Creating a food bank to withstand the likely food shortages across regional capitals and Addis Ababa as a complementary political and policy intervention deserves special consideration. Boosting food production and food imports is also crucially important to ensure macroeconomic stability, especially during such a defying moment. My recent empirical analysis on inflation in Ethiopia shows that a 10Pct rise in domestic food production would lead to a significant 26Pct reduction of general prices. The converse is also generally true.

Although this policy brief stresses the imperative of giving particular attention to the agricultural sector, another albeit counter-intuitive recommendation is the adoption of a policy of minimizing the rural-urban linkage so as to shield the rural population from the transmission of the disease from urban areas, while at same time maintaining the flow of goods and services between the two sectors. This would call for unconventional measures such as limiting points of contact and marketing venues, extensive testing and use of masks and mandatory social distancing. Provision of marketing services through neighborhood cooperatives or other creative approaches could also be important and viable options.

In order to abate the negative income and poverty effect of the pandemic, it may well be necessary to allow the continued operation of some major sectors of the economy, especially the construction and some service sectors. This may be done using different shift schedules in order to preserve social distancing. COVID-19 related health services could also be provided on sites. A complementary policy would be to consider a strategic shift to import substitution and the production of basic goods wherever there are opportunities for doing so.

The various intended and unintended consequences of the economic dislocation and other concomitant changes in production and production processes will have adjustment costs for firms and workers. Government must envisage and design various kinds of supportive measures to keep firms going and minimizing the economic and financial cost of the crisis. Among such measures is the provision of credit for a renewable three months period or so. These, coupled with other measures, need to be preceded and supported by intensive consultations between the government, industrial leaders and other stakeholders.

The use of the renaissance dam financing type bond selling scheme for COVID purpose (call it COVID-bond) for a limited period is worth considering. This is because the effect of financing the spending related to COVID-19 could be enormous for the government and may lead to sever macroeconomic instability.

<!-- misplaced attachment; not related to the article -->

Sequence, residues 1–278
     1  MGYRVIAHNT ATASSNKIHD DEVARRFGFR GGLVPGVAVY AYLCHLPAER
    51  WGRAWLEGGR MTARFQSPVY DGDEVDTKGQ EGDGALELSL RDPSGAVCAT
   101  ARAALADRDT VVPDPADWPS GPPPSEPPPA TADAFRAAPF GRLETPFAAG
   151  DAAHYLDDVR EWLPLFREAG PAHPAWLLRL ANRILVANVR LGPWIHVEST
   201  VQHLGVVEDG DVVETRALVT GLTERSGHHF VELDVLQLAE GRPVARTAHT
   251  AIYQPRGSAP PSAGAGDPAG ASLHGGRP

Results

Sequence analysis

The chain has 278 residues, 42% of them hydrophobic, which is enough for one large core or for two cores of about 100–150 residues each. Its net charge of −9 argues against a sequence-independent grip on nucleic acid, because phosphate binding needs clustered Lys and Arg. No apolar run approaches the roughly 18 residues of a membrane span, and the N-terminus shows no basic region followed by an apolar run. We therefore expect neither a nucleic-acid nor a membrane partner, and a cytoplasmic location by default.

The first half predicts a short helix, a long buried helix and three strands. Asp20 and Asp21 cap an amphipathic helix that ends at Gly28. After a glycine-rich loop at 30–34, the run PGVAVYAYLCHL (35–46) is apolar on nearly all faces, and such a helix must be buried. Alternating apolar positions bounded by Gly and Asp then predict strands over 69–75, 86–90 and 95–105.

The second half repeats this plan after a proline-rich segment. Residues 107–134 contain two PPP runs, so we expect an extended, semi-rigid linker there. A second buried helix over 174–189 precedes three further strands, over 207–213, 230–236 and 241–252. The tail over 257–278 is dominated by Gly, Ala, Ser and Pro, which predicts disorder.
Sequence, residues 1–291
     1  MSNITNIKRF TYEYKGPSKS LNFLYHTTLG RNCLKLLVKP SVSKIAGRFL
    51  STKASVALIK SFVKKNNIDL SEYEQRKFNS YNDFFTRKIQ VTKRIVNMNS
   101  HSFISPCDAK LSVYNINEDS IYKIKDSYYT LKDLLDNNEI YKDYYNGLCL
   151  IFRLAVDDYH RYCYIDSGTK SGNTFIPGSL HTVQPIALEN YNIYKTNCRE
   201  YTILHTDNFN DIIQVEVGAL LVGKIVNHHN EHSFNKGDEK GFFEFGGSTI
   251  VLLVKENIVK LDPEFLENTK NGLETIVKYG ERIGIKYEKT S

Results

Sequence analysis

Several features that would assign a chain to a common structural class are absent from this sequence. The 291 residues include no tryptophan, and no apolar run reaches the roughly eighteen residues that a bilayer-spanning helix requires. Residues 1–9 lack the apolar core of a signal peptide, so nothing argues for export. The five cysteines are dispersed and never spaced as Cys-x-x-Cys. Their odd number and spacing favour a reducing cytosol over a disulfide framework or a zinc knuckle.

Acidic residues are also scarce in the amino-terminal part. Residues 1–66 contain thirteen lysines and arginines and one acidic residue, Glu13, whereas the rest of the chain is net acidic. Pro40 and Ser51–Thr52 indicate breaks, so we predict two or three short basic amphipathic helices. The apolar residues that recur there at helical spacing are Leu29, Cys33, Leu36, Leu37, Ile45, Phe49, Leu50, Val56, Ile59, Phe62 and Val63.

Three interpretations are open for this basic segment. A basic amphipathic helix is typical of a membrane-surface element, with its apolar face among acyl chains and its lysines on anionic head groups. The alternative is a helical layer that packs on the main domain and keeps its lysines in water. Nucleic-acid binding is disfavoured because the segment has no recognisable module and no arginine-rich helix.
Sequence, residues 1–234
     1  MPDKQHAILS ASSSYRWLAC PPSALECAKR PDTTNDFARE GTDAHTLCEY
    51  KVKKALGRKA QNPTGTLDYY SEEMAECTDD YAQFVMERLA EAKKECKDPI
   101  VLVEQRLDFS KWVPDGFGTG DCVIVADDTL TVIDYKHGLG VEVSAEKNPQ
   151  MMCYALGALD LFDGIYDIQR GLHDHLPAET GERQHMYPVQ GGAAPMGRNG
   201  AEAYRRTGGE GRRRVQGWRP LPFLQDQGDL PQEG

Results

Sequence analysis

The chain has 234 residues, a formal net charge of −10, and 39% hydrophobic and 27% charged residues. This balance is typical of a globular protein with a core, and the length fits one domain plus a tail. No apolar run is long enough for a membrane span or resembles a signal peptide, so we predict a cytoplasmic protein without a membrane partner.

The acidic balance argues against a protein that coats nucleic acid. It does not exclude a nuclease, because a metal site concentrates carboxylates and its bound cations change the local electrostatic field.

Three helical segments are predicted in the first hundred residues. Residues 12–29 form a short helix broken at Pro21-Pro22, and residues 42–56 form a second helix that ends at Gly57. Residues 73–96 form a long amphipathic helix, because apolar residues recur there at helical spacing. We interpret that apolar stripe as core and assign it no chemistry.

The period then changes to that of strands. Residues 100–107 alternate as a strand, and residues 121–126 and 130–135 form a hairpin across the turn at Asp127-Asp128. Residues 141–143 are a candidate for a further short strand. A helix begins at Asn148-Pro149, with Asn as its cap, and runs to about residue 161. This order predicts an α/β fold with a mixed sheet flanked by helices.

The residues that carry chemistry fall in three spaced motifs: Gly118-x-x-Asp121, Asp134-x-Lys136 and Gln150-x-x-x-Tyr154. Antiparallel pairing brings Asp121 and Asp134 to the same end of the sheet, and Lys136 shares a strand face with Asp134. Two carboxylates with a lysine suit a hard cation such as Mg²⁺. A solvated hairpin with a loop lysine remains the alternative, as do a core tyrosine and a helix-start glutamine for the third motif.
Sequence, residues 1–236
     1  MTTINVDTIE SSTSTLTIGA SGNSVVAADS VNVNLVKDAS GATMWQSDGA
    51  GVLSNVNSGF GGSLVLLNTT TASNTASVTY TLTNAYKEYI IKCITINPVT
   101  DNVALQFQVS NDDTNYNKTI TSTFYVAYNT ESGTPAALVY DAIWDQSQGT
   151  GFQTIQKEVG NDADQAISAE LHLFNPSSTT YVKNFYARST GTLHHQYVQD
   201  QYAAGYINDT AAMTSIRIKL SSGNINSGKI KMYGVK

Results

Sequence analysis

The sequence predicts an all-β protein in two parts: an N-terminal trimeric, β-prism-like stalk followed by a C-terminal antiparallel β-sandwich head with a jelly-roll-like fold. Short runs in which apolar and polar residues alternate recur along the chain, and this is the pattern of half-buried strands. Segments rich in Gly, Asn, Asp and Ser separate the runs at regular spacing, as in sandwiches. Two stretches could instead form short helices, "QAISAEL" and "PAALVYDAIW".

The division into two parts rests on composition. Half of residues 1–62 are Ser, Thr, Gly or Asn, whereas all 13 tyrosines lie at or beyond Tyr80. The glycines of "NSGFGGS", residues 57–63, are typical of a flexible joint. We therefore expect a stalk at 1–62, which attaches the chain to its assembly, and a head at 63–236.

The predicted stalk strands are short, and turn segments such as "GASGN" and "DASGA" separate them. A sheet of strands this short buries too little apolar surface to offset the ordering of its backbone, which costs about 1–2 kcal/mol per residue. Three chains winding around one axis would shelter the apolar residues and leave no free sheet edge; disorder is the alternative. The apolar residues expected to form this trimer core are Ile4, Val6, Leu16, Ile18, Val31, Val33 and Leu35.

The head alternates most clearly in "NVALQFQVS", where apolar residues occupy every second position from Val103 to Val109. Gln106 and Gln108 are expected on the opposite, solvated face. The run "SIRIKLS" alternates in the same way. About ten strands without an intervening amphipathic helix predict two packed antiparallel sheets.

III. The Socio-Economic Impact
Poverty: Using the official poverty line of Birr 20 per adult per day, it is estimated that 22 percent, about 26 million of the estimated 108 million population of the country, live below this poverty line. With an international poverty line of Birr 40 per day (that is USD1.25 a day), or about Birr 1,200 per month, some 73Pct or about 79 million of our people are below poverty line.

On the average, the COVID-19 economic impact is estimated to increase the number of poor people by about 28 million. Even using the official poverty line, the pandemic will more than double the poverty rate from 22 to 48Pct of the population. These figures show the gravity of the problem that we are going to face.

Jobs and Vulnerable Groups: Since the government will not retrench workers during this time, the 1.8 million public sector workers are the better protected occupational group. They may cost the government about ETB5.7 billion per month for a full-lockdown period. With partial lockdown this would decline by half.

On the other hand, about 1.5 million workers in the private sector could be vulnerable if their private sector employers couldn’t run their businesses during the partial lock-down period (and after). The government may need to finance fully or share the cost of keeping these workers on their jobs.

In addition to this, there are also 3.1 million self-employed workers. These are the second group of workers that are vulnerable to the economic impact of COVID-19 and partial lock-down measures. The third vulnerable group includes those in small and micro enterprises. These three groups have a combined figure of about five million workers. With full lockdown all these people could be vulnerable.

With partial lock-down and partial running of the economy, this may decline by half or to 2.5 million workers. The estimated job loss and, hence, the corresponding income loss of these vulnerable paid employed people under the average scenarios envisaged in this study could be about ETB2.5 billion per month.

Proposed Policy Directions to Address the Social Consequences
The first measure that could be considered to minimize the socio-economic effect of the pandemic is to keep at least half the work force running the economy so that these people are earning a living and supporting the other half for a three – month period until the economic effect of the virus subsides.

For those in the informal sector that depend on their daily labour and lead a hand-to-mouth life, the likely occurrence of unemployment, hunger and starvation is a real threat and more deadly than the virus itself especially if the lock-down persists for more than a month. It could also lead to migration back to rural areas, worsen the breakdown of social cohesion and law and order and could be a health threat to rural areas.